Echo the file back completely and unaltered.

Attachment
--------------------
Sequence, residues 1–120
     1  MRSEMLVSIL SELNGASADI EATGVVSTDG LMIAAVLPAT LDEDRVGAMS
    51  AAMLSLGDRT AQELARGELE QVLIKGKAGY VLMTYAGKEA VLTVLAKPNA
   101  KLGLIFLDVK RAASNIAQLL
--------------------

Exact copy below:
Sequence, residues 1–120
     1  MRSEMLVSIL SELNGASADI EATGVVSTDG LMIAAVLPAT LDEDRVGAMS
    51  AAMLSLGDRT AQELARGELE QVLIKGKAGY VLMTYAGKEA VLTVLAKPNA
   101  KLGLIFLDVK RAASNIAQLL